In the height of J. Edgar Hoover’s FBI, men and women armed with a pen were sending shockwaves down the government agency’s spine. Accused of spreading ideals that supported communism and anti-war efforts—among other “dangerous thoughts” of the time—the FBI started surveying certain authors they considered to be a threat.
Included in this list were literary giants like James Baldwin, Ernest Hemingway, Ray Bradbury, Susan Sontag, and more. Some, like Baldwin, knew they were being surveyed—while others had no idea. MuckRock obtained the files through a Freedom of Information Act request, giving the public access to the pages and pages of surveillance the FBI did on these authors. The new book, Writers Under Surveillance: The FBI Files, collects the files of 16 authors—spanning from writers in the early 1900s to those still active today. The following four writers were targeted by the Bureau for everything from potentially writing an exposé to visiting enemy territory during a war.
Baldwin was a novelist and playwright, known for his social criticism. His first novel, Go Tell It on the Mountain (1953), is one of his most popular stories, as is Giovanni’s Room (1956)—which was met with much controversy at the time of its publication due to its explicit sexual content involving two men.
In a 1964 interview with Playbill, following his Broadway run of Blues for Mister Charlie, Baldwin mentioned that he was planning to write a book on the FBI. The thought of a potential exposé terrified the Bureau, spurring their own investigation into the author. Accused of being a communist, the FBI went on to collect thousands of pages on Baldwin before dropping the case a decade later.
Arguably best known for his science fiction story Fahrenheit 451, Ray Bradbury started being surveyed by the FBI when they suspected him of being a communist sympathizer. Though you’d think his commentary on censorship in Fahrenheit 451 would draw interest from the FBI, Bradbury wasn’t on the Bureau’s radar until 1956—three years after the publication of his popular book—when he was named as a literary figure possibly involved in the Cultural Congress of Havana in Cuba.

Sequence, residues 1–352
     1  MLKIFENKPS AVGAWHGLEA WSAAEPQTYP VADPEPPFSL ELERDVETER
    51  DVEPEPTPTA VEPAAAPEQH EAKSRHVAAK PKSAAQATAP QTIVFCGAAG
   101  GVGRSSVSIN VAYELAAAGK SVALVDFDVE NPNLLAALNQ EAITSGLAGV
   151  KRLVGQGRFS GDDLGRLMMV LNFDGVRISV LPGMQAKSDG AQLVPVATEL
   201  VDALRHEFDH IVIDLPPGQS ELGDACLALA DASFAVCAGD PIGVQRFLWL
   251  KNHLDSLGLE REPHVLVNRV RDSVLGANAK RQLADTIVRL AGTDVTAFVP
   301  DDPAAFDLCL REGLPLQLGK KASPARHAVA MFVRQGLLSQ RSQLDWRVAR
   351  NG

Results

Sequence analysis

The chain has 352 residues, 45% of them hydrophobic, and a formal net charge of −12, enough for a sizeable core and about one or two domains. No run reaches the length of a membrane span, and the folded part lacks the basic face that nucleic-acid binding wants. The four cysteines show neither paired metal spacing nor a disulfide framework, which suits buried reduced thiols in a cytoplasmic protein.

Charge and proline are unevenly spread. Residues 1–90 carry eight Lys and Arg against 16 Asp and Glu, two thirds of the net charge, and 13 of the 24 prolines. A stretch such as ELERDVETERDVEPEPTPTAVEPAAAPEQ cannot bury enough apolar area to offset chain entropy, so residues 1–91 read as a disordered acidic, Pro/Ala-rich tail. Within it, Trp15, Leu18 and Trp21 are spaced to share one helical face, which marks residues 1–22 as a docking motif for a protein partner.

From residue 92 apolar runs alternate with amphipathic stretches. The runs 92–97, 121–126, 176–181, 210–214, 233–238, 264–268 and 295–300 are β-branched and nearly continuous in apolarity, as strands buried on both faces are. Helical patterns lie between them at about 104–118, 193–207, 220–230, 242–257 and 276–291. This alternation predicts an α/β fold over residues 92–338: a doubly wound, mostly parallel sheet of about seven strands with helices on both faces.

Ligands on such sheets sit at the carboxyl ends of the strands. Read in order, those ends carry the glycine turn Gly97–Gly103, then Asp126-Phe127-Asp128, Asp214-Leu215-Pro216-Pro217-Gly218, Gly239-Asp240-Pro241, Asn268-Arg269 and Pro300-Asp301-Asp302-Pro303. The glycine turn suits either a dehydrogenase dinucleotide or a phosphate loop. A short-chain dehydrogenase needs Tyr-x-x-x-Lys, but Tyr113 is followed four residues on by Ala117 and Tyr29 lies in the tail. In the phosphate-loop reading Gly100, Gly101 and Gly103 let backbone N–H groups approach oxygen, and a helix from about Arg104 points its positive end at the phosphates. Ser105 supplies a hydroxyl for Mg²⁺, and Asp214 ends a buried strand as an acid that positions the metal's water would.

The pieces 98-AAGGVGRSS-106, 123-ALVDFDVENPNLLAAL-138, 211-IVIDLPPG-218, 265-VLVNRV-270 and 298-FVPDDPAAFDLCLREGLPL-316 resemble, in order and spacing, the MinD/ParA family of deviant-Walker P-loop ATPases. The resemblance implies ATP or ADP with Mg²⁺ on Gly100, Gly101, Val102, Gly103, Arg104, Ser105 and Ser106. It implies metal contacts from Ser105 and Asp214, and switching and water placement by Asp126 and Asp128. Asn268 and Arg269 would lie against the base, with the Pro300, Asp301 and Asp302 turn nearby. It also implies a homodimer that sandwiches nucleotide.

Though the FBI could not find proof of his membership to the Communist Party, they scrutinized his writing—looking for hidden messages. Using a comment Bradbury once made about the ridiculousness of making members of the Screen Writers Guild swear they were not members of the Communist Party, informant Martin Berkley twisted Bradbury's words and actions to make it seem like the author used his own science fiction stories to instill fear in Americans.
Susan Sontag was a writer and social critic, flagged by the FBI for her anti-Vietnam War efforts. Her file begins in 1968 after she was arrested for “disorderly conduct” following a protest. Even more, the FBI was tipped off that Sontag travelled to Northern Vietnam after receiving an invitation from their government, which was a violation of her passport at the time. Though they initially lacked evidence, the trip was essentially confirmed when an Esquire feature was published—depicting her trip to Hanoi and her conversation with Prime Minister Pham Van Dong.
The investigation stretched on for two years after that, until a final report—dated in March 1972—stated that Sontag was more of a nuisance than a credible threat, and speaking to her might cause embarrassment for the Bureau since she was writer.
In contrast to the other writers on this list, Hemingway actually acted as an FBI informant while living in Cuba. Moving to the island after finishing For Whom the Bell Tolls, published in 1940, Hemingway began working for the American Embassy in Havana after forming a relationship with Ambassador Spruille Braden. He recruited barmen, waiters, and others for the low-budget program, which was unimpressive to the Bureau. At one point, Hemingway referred to a government official as a member of the Gestapo, and also constantly showed his contempt for the Bureau. Even J. Edgar Hoover stated that it would be the last time they would use someone like Hemingway as an informant.
Despite his connection to Cuba, it seems that the FBI did not think that Hemingway had “communist leanings.” After his ties with the Embassy were cut off in April of 1943, Hemingway was still doing work for the Navy, before going on to publish The Old Man and the Sea and win the Nobel Prize in Literature.
Want to learn about more writers who were under surveillance? Download the book now.
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Featured images of (left to right) Ray Bradbury, Ernest Hemingway, and James Baldwin: Wikipedia; Featured image of Susan Sontag: Alchetron